Nelson Freire plays BRAHMS = Piano Sonata No. 3 in f minor, Op. 5; Intermezzo in A-flat Major, Op. 76, No. 3; Intermezzo in B-flat Major, Op. 76, No. 4; Capriccio in d minor, Op. 116, No. 1; Intermezzo in E Major, Op. 116, No. 4; Intermezzo in b-flat minor, Op. 117, No. 2; Intermezzo in A Major, Op. 118, No. 2; Ballade in g minor, Op. 118, No. 3; 4 Klavierstücke, Op. 119; Waltz in A-flat Major, Op. 39. No. 15 – Nelson Freire, piano – Decca 483 2154, 73:14 (8/25/17) [Distr. by Universal] ****:
Nelson Freire’s historic reunion with the music of Brahms on disc marks a powerful, audacious occasion.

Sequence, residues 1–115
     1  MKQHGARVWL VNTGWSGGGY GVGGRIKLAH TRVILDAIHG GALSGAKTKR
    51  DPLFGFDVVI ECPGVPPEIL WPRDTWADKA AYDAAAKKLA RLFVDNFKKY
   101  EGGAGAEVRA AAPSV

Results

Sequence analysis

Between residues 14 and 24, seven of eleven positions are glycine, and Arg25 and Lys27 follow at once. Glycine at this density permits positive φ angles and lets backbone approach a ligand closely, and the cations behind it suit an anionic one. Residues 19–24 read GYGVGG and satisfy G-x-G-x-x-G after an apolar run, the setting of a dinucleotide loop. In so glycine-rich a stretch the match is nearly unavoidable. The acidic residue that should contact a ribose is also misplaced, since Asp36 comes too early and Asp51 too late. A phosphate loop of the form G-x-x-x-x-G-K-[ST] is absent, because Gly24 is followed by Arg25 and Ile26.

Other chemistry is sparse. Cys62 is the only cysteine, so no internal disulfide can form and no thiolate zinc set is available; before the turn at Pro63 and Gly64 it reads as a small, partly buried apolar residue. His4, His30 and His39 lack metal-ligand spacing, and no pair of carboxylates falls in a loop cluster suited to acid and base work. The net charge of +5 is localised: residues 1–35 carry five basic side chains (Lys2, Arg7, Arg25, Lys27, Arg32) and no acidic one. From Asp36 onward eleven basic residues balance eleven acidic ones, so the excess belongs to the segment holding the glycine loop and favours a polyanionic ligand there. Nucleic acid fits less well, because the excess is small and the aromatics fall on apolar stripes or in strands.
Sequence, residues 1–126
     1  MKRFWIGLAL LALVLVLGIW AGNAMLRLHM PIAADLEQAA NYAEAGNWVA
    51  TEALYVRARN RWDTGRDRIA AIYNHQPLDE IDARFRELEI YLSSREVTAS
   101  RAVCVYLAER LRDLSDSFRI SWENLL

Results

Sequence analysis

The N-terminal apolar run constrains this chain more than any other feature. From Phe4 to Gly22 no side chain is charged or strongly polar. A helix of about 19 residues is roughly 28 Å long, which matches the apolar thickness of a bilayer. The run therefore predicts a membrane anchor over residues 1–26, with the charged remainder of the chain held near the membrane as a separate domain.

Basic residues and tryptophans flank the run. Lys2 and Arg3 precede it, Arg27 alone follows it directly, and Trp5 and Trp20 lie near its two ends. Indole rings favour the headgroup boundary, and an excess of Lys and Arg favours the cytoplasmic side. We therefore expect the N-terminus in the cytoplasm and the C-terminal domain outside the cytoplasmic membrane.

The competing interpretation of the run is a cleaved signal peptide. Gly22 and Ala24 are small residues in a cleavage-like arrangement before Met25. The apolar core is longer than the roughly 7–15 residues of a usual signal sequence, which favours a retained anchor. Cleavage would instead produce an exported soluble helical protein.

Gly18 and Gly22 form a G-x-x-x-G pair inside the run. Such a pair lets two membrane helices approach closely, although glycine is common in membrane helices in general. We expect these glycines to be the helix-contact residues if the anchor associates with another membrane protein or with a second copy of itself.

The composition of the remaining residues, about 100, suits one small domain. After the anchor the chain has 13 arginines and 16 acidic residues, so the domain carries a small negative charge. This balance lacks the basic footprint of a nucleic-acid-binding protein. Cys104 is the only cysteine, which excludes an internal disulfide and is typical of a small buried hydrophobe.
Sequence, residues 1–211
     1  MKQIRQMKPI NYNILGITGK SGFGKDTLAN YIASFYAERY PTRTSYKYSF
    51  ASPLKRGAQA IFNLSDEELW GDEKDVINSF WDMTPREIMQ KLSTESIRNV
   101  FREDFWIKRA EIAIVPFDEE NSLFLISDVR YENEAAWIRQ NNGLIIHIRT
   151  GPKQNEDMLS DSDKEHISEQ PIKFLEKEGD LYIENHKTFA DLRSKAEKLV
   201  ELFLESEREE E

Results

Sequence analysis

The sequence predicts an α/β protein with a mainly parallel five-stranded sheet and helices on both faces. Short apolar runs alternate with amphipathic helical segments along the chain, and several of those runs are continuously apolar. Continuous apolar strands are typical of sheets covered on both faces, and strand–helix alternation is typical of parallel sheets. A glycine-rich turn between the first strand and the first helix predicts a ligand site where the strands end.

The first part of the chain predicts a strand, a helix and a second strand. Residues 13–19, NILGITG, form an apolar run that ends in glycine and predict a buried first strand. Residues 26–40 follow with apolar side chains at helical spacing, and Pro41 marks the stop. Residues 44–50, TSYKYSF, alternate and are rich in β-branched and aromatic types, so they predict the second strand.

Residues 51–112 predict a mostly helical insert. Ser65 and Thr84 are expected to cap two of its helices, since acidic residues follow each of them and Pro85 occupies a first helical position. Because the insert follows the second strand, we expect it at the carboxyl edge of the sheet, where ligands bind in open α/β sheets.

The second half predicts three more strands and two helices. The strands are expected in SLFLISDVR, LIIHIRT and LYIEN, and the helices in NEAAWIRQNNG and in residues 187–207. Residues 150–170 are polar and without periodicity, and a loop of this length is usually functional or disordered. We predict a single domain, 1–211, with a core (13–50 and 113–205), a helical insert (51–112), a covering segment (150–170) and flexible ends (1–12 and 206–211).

So far as recording history is concerned, Nelson Freire (b. 1944) returns to the Brahms 1853 f minor Sonata after 50 years, the year 1967 having marked his CBS exploration of this work’s large, romantic gestures. In this respect, Freire reminds me somewhat of Artur Rubinstein, who likewise revisited this grand canvas twice in his recording career. The tumultuous first movement, Allegro maestoso, exploits constantly shifting rhythms amidst explosive, symphonic outbursts, from which a poignant melody in warm D-flat arises that will achieve even more luminosity in G-flat. The demands on the hands, such as rolling tenths, testify to the composer’s own digital breadth, not so far from that of Rachmaninov. As in many pieces that invoke triumph over adversity, the last pages bask in F Major.